Ohio bill calls for electronic versions of textbooks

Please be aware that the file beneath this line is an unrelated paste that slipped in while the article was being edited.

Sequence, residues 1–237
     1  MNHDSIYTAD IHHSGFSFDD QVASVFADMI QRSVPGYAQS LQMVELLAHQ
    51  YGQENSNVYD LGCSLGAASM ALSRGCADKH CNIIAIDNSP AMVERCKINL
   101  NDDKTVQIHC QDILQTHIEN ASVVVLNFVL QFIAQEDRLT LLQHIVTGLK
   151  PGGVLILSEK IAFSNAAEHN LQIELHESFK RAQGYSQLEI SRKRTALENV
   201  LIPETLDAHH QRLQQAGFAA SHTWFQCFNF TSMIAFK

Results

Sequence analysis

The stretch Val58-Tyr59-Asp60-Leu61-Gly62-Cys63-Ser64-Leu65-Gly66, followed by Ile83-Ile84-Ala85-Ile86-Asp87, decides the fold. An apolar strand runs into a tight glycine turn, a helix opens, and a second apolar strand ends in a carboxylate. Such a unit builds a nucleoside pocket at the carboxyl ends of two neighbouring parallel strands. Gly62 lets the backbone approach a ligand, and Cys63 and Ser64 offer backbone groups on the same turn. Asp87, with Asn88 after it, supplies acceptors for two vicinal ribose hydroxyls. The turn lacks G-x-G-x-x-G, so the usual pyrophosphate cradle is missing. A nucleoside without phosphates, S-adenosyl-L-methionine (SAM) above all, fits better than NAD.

Saying they could save more than 50 percent off the cost of textbooks, some House Democrats want to give Ohio college students the chance to trade in their piles of expensive books for laptops or other electronic readers, reports the Columbus Dispatch. Supporters of the bill—as well as the Ohio Board of Regents, which says it is neutral on the plan—say the key is convincing university faculty members that digital textbooks can work as well as the paper versions. Individual professors are responsible for choosing the textbooks used in their classes. Under the bill, the regents would have two years to require publishers to offer electronic versions of textbooks. Publishers also would be required to provide textbook formats for students with disabilities. “Our bill will use technology and common sense to lower the cost of textbooks on Ohio’s campuses,” said Rep. Matt Lundy, D-Elyria, who is sponsoring the bill with Rep. Matt Patten, D-Strongsville. “We can’t ask students and families to shoulder the unnecessary costs of excessive textbook prices.” Lundy said textbook costs increased an average of 6 percent per year from 1986 to 2006 and have risen 10 percent a year since. By delaying the electronic-materials requirement for two years, “we’ll be giving the publishers more than enough heads-up,” he said…

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